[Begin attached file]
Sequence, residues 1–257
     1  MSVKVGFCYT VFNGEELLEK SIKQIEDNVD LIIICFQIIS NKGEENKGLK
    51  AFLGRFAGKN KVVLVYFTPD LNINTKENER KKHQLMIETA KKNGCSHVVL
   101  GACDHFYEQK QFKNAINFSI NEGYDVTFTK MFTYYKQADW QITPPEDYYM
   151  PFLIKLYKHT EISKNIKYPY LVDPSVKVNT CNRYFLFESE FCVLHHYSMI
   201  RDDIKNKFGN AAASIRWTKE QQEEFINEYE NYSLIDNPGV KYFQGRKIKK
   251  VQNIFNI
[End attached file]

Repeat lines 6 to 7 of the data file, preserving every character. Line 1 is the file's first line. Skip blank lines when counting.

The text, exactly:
   201  RDDIKNKFGN AAASIRWTKE QQEEFINEYE NYSLIDNPGV KYFQGRKIKK
   251  VQNIFNI